The daytime westbound lane restriction on SW Orchard St. just east of Delridge Way SW will continue through mid-May as crews complete demolition, paving and landscaping work. Over the next couple of weeks, crews are also working on SW Myrtle at 24th Avenue SW, where they are installing a flow monitoring cabinet in the right-of-way. On Wednesday, April 29 and Thursday, April 30, between 7:30 a.m. – 4 p.m., the westbound lane on SW Myrtle St. at 24th Ave. SW will be closed to traffic. During the closure, all westbound traffic will be diverted to the eastbound lane with the assistance of a traffic flagger.
Work also continues at CSO 3, located at SW Henderson St. and 22nd Ave. SW. (map) Crews recently completed the underground diversion structure at SW Barton Place and SW Barton St. and are currently working on the CSO 3 facility.
Crews are on schedule to reach substantial completion of both projects in the fall of this year.
Questions/concerns about either project? SPU’s Emily Reardon also tells WSB they’ll be at the next Westwood/Roxhill/Arbor Heights Neighborhood Council meeting for a briefing (May 5, 6:15 pm, Southwest Branch Library).
While West Seattle was spared power outages during this afternoon’s blustery weather (areas north and west of downtown got hit instead), we often aren’t so lucky. And this brings to mind new outage-response technology that Seattle City Light announced earlier this week. While WS isn’t part of the first round of testing, it might not be far behind if the pilot project works out. Ahead, the SCL news release, and what we found out on followup:
That’s the slide deck the Seattle City Council‘s Public Utilities and Neighborhoods Committee will see during its meeting at 2 pm next Tuesday (April 14th), as it begins reviewing a water-rate increase proposed by Seattle Public Utilities, which just sent this preview:
In keeping with a strategic business plan approved by City Council last year, Seattle Public Utilities (SPU) is proposing drinking water rate increases of 1.7 percent for 2016 and 2.7 percent for 2017. The business plan aims at capping average rates for all SPU services — drinking water, sewer, drainage, garbage and recycling — to an annual average of 4.6 percent through the year 2020.
A drainage and wastewater rate proposal will be considered by Council later this year. That proposal also is expected to fit within the 4.6 percent average annual rate cap.
A little over one year into major work at the site of the Murray Combined Sewer Overflow Control Project‘s million-gallon storage tank, another phase has begun, according to a notice from King County: The outer wall and floor of the tank are done, and crews are now building its inner walls. That’s what you see in the photo above, which we took this afternoon through the fence along Lincoln Park Way over the northeast side of the site. The inner-wall work will mean “small concrete pours every week” through June, says the county, and possibly some Saturday work. Then this summer, according to the update, “the contractor expects to begin work to connect to the tank to the existing sewer system. This work will affect traffic on Beach Drive SW. King County will provide more information to the community before work begins.”
The Morgan Community Association has had Murray project updates at its quarterly meetings for quite a while now, so you’ll probably see one on the agenda for the April 15th MoCA meeting (7 pm, The Kenney), in case you have questions, which you can also take to the 24-hour project hotline – 206-205-9186. The project is supposed to be finished by fall of next year.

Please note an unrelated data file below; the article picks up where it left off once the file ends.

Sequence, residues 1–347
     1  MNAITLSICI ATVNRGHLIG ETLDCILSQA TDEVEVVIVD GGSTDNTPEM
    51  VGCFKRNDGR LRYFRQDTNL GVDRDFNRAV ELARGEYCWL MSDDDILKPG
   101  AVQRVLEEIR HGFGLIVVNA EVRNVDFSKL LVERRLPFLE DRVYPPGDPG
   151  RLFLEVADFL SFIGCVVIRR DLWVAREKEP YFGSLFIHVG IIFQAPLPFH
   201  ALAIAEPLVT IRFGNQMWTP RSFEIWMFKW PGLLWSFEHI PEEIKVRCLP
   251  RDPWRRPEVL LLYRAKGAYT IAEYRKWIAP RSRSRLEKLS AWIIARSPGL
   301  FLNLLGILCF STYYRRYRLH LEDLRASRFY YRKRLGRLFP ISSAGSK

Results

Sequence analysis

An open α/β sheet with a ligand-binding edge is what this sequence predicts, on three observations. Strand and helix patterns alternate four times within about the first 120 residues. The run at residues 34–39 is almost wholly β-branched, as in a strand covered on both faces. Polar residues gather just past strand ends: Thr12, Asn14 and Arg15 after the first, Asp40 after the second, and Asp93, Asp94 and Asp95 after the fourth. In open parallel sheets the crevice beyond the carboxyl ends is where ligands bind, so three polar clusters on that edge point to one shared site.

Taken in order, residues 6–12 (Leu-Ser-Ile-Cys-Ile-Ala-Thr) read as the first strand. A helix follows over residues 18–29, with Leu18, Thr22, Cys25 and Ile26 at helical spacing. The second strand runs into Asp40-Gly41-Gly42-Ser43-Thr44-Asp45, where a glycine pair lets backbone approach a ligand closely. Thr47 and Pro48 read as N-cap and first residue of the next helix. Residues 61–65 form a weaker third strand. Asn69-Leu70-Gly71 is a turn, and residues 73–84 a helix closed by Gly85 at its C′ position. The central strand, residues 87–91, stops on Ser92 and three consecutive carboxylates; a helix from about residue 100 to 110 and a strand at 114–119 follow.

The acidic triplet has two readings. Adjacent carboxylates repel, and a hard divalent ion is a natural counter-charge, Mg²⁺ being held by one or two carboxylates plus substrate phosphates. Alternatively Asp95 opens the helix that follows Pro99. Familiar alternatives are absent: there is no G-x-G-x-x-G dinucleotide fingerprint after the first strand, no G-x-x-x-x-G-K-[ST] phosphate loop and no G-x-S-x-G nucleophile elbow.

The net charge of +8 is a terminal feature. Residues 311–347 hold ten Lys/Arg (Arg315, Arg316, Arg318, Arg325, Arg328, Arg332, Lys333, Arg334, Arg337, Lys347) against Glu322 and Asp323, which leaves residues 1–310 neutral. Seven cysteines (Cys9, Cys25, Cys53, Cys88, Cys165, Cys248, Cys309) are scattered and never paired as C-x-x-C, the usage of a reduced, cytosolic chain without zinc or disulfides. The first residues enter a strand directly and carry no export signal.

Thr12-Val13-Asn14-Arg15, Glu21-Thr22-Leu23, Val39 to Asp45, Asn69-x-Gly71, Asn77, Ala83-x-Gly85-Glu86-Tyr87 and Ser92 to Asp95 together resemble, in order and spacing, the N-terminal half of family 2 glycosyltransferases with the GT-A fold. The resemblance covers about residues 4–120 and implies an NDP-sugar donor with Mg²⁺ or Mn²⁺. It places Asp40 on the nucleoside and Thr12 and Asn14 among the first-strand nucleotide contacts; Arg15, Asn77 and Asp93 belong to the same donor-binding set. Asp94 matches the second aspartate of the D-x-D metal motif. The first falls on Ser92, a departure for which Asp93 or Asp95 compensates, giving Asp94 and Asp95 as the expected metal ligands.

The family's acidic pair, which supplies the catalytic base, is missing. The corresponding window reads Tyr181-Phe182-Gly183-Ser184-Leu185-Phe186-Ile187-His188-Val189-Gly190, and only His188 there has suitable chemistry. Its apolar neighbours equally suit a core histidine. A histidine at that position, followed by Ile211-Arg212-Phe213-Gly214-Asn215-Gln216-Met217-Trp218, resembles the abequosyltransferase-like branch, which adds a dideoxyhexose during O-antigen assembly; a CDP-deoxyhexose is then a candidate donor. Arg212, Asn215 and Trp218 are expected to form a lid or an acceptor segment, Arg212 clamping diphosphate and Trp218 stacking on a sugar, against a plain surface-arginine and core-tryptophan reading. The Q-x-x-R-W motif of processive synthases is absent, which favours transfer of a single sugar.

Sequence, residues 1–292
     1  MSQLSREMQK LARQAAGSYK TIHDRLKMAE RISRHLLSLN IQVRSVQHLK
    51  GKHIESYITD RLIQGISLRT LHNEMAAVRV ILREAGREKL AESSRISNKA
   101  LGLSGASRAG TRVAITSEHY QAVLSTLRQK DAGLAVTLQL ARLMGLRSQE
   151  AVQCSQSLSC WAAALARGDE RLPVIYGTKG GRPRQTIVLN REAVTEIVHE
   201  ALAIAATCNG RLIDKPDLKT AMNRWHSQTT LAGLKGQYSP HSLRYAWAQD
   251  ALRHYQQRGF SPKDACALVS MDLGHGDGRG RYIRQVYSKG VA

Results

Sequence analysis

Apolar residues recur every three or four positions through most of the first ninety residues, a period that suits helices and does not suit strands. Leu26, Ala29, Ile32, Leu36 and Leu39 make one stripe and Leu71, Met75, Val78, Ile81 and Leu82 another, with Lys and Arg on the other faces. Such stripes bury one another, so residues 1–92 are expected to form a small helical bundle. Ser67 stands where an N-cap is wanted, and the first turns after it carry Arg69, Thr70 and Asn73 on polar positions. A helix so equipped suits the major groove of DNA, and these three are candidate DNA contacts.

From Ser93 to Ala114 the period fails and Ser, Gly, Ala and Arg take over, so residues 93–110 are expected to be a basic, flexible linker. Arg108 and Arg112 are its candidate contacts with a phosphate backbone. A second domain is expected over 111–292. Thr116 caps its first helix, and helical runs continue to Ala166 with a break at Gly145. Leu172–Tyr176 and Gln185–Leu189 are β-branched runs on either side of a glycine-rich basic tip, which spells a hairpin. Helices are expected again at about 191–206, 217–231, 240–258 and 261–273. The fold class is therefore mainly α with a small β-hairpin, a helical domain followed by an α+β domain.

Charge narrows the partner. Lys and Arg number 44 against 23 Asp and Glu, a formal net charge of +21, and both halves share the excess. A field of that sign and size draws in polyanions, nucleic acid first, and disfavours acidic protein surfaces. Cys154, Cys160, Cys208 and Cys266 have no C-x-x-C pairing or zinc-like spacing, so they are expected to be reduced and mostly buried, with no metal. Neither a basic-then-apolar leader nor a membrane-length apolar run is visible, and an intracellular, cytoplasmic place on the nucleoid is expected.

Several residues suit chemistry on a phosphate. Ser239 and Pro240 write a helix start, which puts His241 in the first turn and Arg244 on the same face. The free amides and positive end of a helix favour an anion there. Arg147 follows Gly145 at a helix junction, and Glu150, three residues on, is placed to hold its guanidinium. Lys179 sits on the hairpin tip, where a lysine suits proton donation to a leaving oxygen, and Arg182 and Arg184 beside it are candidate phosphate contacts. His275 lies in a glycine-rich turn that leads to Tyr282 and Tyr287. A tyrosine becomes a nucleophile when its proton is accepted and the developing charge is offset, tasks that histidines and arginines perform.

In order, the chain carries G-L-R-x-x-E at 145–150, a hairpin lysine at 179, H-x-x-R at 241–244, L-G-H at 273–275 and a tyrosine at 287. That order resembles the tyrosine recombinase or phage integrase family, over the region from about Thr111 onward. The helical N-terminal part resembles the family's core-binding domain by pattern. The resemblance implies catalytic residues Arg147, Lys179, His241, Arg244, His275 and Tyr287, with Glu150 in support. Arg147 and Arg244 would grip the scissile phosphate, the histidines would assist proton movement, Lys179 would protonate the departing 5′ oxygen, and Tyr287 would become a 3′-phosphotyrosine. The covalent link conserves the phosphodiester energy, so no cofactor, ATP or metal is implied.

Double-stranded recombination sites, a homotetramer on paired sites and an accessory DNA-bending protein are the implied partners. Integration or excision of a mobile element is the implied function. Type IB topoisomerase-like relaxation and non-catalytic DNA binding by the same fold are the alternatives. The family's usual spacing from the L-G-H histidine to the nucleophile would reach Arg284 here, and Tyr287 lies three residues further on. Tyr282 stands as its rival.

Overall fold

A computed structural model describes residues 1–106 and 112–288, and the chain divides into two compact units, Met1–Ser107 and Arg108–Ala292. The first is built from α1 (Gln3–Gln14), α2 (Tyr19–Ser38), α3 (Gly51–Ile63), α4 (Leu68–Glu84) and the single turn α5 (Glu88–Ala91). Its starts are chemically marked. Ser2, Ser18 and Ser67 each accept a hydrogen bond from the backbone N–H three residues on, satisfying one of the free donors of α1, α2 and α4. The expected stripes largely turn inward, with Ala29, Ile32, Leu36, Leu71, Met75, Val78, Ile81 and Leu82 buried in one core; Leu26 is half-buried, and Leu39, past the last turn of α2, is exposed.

(WSB photo, taken today)
With another traffic advisory from King County Wastewater Treatment Division related to the Barton Pump Station Upgrade Project next to the Fauntleroy ferry dock, we asked for an overall update. First – the traffic advisory:
The northern ferry lane entrance and toll booth will be closed for up to two hours starting at 9:30 a.m. tomorrow morning, March 26. The closure is necessary to allow Seattle City Light crews to remove the temporary electrical system that has served the Barton Pump Station during construction. This work is part of construction wrap up for the Barton Pump Station Upgrade. Flaggers will be on hand to keep ferry and Fauntleroy traffic moving. Please call the project hotline with any questions or concerns: 206-296-2999.
Now the overall update: County spokesperson Annie Kolb-Nelson tells WSB that “the project is very close to being done. The art work is scheduled to come in in April, and landscaping and restoration is ongoing through spring. WTD is working with Friends of Cove Park to plan a June celebration for the public. We’ll offer pump station tours, and Friends of Cove Park will host a celebratory re-opening of the beach.” Cove Park closed in June 2012, as the construction got under way.
(West side of Myrtle Reservoir site, where work is likely to be staged)
By Tracy Record
West Seattle Blog editor
Nine months after Seattle Public Utilities discussed the earthquake-resistance retrofit needed for West Seattle Reservoir in Highland Park, we know what’s in store for our area’s other underground water facility, Myrtle Reservoir.
Myrtle was covered in 2008, West Seattle in 2010. Then in 2012, their designer, MWH, told the city about “possible seismic deficiencies” in their work – not potentially catastrophic, but not something that could be ignored, either. Analysis and testing ensued, and in June of last year, we reported on the retrofit/strengthening plan for WS Reservoir, interviewing reps from SPU and its consultants.
At the time, they didn’t know exactly what would need to be done to Myrtle Reservoir, a relatively small reservoir (5 million gallons) at the city’s highest point on the east side of the Gatewood neighborhood. Now they do.
Heads up for Fauntleroy ferry-terminal users and people who drive/ride/walk in the area: The wrapping-up-soon Barton Pump Station Upgrade Project just north of the terminal will close the north lane at the terminal for two weeks around the clock, starting next Monday (March 2nd). It’s “to enable construction on a retaining wall,” says Annie Kolb-Nelson from King County, adding: “Flaggers will be onsite during busy commute times to guide traffic.” P.S. Full details are on the newest flyer.